The work matters more than the identifier, of course, but I hope it's not "woke."
Related reading: Earning the ‘Woke’ Badge (Amanda Hess in the NYT), Daily Dot (Black Twitter lists the woke white people invited to their cookout), The Cut (Macklemore Is All of My Woke Ex-Boyfriends)
Lucinda Rosenfeld's new novel, Class, is scheduled to come out in a few months, but we're already starting to hear about it this summer.
According to the Amazon blurb, the book focuses on "idealistic forty-something Karen Kipple" who sends her kid to an integrated Brooklyn school.
"But when a troubled student from a nearby housing project begins bullying children in Ruby's class, the distant social and economic issues Karen has always claimed to care about so passionately feel uncomfortably close to home."
Sounds interesting -- if also perhaps stereotypical. But perhaps that's the point. Anyway, can't wait to read it.
Meantime, Rosenfeld is on a panel tonight at 7 with Nikole Hannah-Jones and Rebecca Carroll.
Crossed fingers they'll talk about the UWS parents who are trying to block school integration, along with the Brooklyn situation.
You can watch the livestream here.
In case you missed it Sunday night, here's an AJ+ video clip from Jesse Williams' impassioned speech honoring organizers, students, activists at the BET Awards show.
"We’re done watching and waiting while this invention called whiteness uses and abuses us, burying black people out of sight and out of mind, while extracting our culture, our dollars, our entertainment like oil."
Read the whole thing here.
There aren't a lot of African Americans who live on the Upper West Side...We were sad to learn that, you know? I would like more diversity, but we chose to move to this place because we put the quality of the education at a higher value.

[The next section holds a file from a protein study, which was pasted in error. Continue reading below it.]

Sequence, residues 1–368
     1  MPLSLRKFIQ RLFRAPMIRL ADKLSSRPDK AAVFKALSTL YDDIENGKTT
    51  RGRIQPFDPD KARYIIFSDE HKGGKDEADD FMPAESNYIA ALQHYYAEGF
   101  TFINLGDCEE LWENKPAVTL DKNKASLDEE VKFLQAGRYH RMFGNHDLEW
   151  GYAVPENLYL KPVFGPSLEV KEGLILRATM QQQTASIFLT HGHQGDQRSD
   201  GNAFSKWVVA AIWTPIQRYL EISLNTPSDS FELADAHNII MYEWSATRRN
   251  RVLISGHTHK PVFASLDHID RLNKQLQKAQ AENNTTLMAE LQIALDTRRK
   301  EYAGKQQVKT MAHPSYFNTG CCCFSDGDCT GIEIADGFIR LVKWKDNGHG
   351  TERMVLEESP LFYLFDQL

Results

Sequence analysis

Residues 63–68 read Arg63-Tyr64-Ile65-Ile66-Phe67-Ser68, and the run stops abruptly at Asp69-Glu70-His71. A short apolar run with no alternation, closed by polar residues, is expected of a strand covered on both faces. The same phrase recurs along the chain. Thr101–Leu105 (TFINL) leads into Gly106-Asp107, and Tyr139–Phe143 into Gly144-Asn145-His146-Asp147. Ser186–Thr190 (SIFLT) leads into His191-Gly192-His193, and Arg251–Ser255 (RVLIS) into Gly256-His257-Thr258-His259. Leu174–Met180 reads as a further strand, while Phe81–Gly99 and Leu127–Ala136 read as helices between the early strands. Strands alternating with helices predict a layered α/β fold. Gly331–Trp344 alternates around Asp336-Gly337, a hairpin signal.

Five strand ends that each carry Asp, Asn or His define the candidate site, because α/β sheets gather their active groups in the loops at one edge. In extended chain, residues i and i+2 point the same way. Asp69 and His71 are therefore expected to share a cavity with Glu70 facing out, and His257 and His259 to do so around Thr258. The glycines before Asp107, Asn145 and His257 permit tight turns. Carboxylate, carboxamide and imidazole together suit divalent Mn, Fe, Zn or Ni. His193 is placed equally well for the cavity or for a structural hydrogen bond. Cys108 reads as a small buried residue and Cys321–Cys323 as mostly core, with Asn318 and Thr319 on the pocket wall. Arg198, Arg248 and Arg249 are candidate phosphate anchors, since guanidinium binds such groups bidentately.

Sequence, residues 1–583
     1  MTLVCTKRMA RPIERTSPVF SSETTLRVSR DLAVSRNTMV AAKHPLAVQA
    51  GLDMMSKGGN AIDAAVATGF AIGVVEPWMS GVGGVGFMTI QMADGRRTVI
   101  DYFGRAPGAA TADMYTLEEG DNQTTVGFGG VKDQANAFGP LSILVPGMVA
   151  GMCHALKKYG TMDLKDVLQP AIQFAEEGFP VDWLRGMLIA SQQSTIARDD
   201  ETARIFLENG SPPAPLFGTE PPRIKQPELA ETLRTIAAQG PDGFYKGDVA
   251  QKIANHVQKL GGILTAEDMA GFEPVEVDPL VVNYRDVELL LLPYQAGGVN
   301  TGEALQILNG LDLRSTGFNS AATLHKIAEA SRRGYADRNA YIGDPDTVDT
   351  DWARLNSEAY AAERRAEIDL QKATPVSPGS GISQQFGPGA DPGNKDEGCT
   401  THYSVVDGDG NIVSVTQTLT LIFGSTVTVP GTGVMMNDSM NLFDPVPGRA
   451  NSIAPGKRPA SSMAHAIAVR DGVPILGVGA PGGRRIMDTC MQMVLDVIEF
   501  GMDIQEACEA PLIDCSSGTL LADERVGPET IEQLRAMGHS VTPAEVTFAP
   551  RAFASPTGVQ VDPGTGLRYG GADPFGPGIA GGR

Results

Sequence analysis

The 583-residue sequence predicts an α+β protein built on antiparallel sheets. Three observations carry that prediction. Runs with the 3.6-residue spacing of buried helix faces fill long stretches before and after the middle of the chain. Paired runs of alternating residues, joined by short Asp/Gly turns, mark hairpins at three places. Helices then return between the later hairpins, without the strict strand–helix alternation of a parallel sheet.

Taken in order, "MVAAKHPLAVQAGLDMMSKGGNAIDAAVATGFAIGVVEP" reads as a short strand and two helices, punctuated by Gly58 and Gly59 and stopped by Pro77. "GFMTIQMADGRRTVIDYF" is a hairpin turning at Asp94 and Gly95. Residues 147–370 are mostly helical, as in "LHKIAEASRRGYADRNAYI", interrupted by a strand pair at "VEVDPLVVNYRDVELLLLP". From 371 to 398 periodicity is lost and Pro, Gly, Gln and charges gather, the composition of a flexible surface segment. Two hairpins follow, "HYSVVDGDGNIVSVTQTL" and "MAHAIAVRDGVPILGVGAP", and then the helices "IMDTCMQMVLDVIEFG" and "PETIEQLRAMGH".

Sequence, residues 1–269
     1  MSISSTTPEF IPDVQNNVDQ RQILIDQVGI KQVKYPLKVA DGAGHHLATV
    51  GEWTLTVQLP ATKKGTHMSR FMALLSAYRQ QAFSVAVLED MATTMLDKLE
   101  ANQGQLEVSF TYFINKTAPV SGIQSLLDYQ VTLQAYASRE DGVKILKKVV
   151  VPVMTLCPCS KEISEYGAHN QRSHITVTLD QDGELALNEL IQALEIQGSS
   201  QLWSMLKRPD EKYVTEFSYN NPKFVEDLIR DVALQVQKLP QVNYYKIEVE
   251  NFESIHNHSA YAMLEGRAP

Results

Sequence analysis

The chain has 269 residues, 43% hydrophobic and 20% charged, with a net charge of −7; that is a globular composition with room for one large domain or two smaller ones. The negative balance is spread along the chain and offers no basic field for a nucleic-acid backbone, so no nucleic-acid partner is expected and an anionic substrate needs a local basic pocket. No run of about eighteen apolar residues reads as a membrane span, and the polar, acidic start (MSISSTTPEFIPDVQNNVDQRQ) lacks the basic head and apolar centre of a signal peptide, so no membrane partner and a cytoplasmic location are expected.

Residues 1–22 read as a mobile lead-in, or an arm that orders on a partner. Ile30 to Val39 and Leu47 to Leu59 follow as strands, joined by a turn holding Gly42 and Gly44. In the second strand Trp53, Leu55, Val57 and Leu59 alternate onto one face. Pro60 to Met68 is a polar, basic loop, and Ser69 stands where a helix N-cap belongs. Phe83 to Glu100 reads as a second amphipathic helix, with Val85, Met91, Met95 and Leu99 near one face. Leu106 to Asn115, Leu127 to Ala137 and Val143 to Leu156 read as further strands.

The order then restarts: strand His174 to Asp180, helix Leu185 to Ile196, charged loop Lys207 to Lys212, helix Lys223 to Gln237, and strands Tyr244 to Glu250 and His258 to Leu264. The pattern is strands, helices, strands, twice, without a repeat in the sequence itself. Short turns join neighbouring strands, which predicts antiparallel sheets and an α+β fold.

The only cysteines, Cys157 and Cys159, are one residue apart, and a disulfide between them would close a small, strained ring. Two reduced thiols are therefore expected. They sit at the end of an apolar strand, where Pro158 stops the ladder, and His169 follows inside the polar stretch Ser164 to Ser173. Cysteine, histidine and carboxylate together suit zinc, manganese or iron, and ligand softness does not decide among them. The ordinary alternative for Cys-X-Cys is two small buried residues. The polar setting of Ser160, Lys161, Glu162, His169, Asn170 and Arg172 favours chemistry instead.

-- An unnamed UWS parent in this Gothamist piece (UWS Parents Fight Proposal To Relocate School)
The youngest victim in Orlando, Akyra Monet Murray, had just graduated from high school in Philadelphia. NPR interviewed her family and friends about what happened to her that night. Warning -- explicit and heartbreaking.
Still buzzing over the Sunday Tony awards show? Me, too. Check out the show performances if you missed any here, or click the link above and watch some of the NYC high school kids who've been attending the show and performing for Lin Manuel-Miranda as part of what Scholastic's Wayne D'Orio dubbed "Hamilton 101." It's pretty cool to watch them. The video is about a half-hour long.
City on Fire, Garth Risk Hallberg (M, 30s, no book dust jacket, perched on edge of his seat, Brown NB) pic.twitter.com/9gk5zS5cOq— CoverSpy CHI (@CoverSpyCHI) March 24, 2016
A long novel about mid-1970s New York City, this book features a key subplot about a Southern-born college graduate brought north to teach at an elite and nearly all-white private girls' school in Manhattan.
That doesn't make it an education book, and at nearly 1,000 pages it's not exactly a quick read, but if you're an educationista looking for an excuse to read about the birth of punk, the near-bankruptcy of NYC, and proto-terrorism, it's all you need :-)
What's on *your* summer reading list, and what's its slender connection to education?
Related posts: Best Of 2015: Two Education Books Make The List; Best Titles To Help White Teachers, Parents, Reporters Understand Race; An Anthropological Look At School Fundraising; New Yorker Writer's Year Embedded In High School English; 'Confessions Of A Headmaster'.
Check out Scholastic Administrator editor Wayne D'Orio's new piece about how Hamilton teamed with two nonprofits to immerse high school students in American history'—and challenge them to create their own performances.
"Thirteen teams of 11th graders from around New York City are waiting anxiously in the wings to perform their own two-minute pieces on events or people from the birth of our country. “Welcome to the best day of the year for us here at the Richard Rodgers: EduHam,” says an enthusiastic Miranda as he looks out on a theater packed entirely with high school students. After the student performances, the high schoolers will see Hamilton, culminating their immersion in the life and times of the “10-dollar founding father without a father.”
When you have people coming from all different neighborhoods to come to school together, they have no reason or way to get to know each other unless you sort of rip the top off the school and say the school is going to be the community.
- Community Roots Charter School Co-Founder Allison Keil in WNYC (How One Brooklyn Charter School Integrates With Intention)
Disclaimer: The opinions expressed in This Week In Education are strictly those of the author and do not reflect the opinions or endorsement of Scholastic, Inc.